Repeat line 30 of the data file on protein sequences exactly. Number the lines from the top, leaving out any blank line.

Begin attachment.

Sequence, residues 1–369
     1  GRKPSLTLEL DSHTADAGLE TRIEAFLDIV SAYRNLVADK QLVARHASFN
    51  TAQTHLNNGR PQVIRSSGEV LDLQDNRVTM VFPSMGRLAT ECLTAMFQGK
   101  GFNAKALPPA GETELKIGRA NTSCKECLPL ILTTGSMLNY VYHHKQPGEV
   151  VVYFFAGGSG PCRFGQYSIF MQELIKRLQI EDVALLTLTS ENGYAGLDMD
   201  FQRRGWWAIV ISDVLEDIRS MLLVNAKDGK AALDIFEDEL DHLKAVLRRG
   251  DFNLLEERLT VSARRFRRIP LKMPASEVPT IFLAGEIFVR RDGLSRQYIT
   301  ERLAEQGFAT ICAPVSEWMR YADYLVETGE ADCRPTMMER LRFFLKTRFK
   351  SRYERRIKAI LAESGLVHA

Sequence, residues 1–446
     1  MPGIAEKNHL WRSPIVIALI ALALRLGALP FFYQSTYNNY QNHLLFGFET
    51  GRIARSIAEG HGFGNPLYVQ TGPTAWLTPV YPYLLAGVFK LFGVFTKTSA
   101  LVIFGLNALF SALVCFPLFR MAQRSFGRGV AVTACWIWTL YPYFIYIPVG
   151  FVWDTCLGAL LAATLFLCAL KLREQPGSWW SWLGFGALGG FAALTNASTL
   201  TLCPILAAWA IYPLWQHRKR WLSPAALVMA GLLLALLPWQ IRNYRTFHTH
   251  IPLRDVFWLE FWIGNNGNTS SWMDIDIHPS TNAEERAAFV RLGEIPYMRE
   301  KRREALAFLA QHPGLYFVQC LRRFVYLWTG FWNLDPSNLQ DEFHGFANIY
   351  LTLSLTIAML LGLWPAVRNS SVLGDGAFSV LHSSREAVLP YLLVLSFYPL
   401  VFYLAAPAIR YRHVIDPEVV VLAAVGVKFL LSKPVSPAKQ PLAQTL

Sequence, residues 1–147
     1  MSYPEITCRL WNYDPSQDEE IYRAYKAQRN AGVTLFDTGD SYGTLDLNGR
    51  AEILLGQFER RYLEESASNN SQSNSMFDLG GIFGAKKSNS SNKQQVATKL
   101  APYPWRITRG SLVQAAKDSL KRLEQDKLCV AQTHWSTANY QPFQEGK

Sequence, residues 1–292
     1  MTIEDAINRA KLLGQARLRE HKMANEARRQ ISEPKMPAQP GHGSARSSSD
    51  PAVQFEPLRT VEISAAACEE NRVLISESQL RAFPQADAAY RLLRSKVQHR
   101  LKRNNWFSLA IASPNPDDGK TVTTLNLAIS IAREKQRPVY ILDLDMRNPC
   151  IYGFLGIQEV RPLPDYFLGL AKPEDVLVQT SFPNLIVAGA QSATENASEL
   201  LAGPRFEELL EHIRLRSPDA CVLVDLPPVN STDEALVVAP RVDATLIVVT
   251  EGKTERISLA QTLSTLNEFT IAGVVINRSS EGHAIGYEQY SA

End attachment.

   251  EGKTERISLA QTLSTLNEFT IAGVVINRSS EGHAIGYEQY SA